It went against everything I believed about myself and the world around me. You were proud of someone when they performed in a way that was impressive, or when they did the morally right thing to do. Not when they were crying about wanting to take their own life. And looking back, I know that you really were proud of me, that you saw me for who I was.

Day after day I heard those words. Rachel, Im proud of you. Rachel I’m proud of you. Rachel, I’m proud of you. And they really started to soak in. And today, whenever I tell someone that I’m really, truly proud of them, I immediately start to tear up, because I remember how much those words meant at that time, and how much they still mean. And how many times, back in those early days of vulnerability I would lie in bed and think, people are proud of me even though I’m not doing anything impressive right now. It felt so good.

Eventually I couldn’t stay anymore and I moved hundreds of miles back home. And because I was no longer a permanent fixture, I became so afraid that I wouldn't be remembered. I still felt that crisis was what kept people close. I would text and call constantly, giving updates of my sadness and struggle; minute by minute updates like the weather service texting during a tropical storm. After a few weeks of this I remember you saying, Rachel. You can’t tell us these things, they're something you need to tell your therapist. We can’t carry this every moment, you need more people to share it with us. But we still love you and are still proud of you.

Ignoring that last sentence, I immediately felt rejected. No one loves me, all they do is abandon me. And you knew that I would go to that thought. And later you told me to remember those conversations, and to also remember how you still loved and stood by me, and to take that as my new reality- not everyone leaves. Boundaries don’t mean abandonment.

Time healed that wound. Time showed loyalty, time showed the unwavering patience and love, and how days could go by without talking to someone, and they were still alive and well. They still loved.

A few months later I was in the back of an ambulance after being hit by a truck while riding my bike. When the paramedic asked if I wanted to call someone, I had him call your number, because you felt so safe. Time moved on and I started to get healthier, and I didn’t talk to you as much. Our relationship changed as I pulled back and had moments of being simply ok. It was scary at first, and I would call out, Are you still there? And I was always answered with: Of course we are! We’re proud of you, Rach! Eventually I didn’t have to call out as much, and then not at all because I knew that you were there, and didn’t need that reassurance. I learned that this new normal actually felt kind of good. Before, I acted like someone who didn’t know how to swim in the deep end of the pool, grabbing on to whoever was around with complete fear and panic, and now I was simply swimming beside, enjoying the water.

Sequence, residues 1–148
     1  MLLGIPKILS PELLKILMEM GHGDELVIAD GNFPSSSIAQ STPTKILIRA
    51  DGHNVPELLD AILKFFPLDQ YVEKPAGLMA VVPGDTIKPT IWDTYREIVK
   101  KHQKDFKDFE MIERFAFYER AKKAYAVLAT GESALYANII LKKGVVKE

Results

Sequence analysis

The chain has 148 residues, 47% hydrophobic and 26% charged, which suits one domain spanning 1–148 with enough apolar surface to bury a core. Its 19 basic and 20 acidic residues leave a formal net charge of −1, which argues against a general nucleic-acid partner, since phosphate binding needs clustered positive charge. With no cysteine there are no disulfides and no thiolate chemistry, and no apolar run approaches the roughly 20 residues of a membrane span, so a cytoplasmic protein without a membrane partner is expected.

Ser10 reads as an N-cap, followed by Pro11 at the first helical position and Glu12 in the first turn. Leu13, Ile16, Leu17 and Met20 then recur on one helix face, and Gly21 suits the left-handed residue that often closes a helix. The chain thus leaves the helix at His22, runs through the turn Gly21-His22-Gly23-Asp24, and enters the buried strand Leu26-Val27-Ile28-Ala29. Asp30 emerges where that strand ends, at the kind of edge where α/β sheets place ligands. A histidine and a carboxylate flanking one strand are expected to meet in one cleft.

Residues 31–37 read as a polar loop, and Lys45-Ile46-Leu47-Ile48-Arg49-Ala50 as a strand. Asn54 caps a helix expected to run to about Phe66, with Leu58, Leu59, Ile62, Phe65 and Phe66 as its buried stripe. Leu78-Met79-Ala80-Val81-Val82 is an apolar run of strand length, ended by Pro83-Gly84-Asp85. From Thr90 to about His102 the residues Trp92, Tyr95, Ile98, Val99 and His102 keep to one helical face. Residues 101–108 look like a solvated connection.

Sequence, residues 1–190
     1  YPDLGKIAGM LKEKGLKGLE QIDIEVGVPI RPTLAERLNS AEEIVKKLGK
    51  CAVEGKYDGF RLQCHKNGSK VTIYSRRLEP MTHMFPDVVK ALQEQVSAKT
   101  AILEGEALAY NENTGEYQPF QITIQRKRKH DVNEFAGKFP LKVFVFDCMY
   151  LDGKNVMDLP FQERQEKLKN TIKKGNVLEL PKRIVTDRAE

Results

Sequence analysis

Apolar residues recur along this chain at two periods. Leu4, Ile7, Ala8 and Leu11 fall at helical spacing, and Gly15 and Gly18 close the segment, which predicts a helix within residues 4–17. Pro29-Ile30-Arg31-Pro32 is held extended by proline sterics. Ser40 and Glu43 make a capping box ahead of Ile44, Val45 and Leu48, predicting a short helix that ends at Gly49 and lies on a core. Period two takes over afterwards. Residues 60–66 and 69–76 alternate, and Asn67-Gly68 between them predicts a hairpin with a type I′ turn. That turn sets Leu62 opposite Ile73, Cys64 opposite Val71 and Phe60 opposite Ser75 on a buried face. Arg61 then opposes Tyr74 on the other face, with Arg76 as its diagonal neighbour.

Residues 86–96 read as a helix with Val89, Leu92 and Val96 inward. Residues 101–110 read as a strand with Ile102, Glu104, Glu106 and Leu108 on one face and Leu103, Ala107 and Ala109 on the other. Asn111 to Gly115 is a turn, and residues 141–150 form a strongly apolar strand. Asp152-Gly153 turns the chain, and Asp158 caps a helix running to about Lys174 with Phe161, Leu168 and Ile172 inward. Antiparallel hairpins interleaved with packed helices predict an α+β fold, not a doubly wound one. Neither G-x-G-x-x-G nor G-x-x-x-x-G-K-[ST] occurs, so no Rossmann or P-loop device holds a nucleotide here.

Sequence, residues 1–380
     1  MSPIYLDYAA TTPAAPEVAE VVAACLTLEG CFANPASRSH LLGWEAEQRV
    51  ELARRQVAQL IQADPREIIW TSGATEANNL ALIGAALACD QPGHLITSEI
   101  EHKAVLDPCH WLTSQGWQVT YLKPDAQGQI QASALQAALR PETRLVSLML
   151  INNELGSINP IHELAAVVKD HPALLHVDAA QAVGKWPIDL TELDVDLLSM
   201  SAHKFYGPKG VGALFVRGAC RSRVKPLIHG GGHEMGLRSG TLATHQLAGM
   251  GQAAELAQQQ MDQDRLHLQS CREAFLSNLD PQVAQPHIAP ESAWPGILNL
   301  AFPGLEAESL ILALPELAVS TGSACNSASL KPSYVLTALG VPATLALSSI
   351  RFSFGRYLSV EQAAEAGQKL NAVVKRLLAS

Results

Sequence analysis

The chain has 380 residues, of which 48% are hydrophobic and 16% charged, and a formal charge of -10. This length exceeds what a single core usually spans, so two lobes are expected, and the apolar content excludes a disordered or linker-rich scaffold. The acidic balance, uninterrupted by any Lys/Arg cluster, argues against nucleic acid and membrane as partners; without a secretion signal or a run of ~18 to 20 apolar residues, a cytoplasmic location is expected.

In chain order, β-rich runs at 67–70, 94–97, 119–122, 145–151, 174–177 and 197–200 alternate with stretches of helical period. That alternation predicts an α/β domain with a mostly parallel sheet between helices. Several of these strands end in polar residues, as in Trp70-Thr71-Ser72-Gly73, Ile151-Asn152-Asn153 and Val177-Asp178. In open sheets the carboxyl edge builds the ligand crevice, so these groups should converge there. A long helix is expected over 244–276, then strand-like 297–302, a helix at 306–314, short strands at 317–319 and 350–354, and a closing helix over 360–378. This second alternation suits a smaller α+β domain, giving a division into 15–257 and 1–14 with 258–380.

In the past year and a half or so, I’ve learned to use my words to ask for what I need. It feels so free. My relationships are the healthiest they’ve ever been, and I’m really enjoying people and our friendships for what they are. It feels good to not be in constant crisis. It was so tiring to keep that going. And now, when I feel fear surrounding and waters rising, I can say, Can I hold on to your life vest for a little bit?And we safely bob together in the water for a while. Sometimes there are times when I feel mute and go back to old habits, but the swirling circles are getting smaller and shorter.

A few weeks ago, I was so excited to fly out to see you, restless to get on the plane and in the air. It had been a year since I had last been with you in person, and it had been almost four years since I sat on your couch, sharing all of my secrets, back at the very beginning of our friendship. It was a different state, different house, different couch. That whole week I would bring to mind all the changes, how we would talk and have fun and I didn’t feel the need to say, Wait! I’m here! You're not looking, turn around I need you! We coexisted without me hanging on for dear life. One night, in your kitchen I brought up those early moments, and how much it meant to be given those boundaries, and to have been told so many times that I was loved and proud of. We reflected back on those days and I’m so thankful to have friends that are truly family, friends who showed what healthy boundaries were and what unconditional love felt like. Friends who reflected back on me what I truly looked like to them. It feels so miraculous to hold relationships with an open hand, moving inside of trust and not fear.

I love you both so much,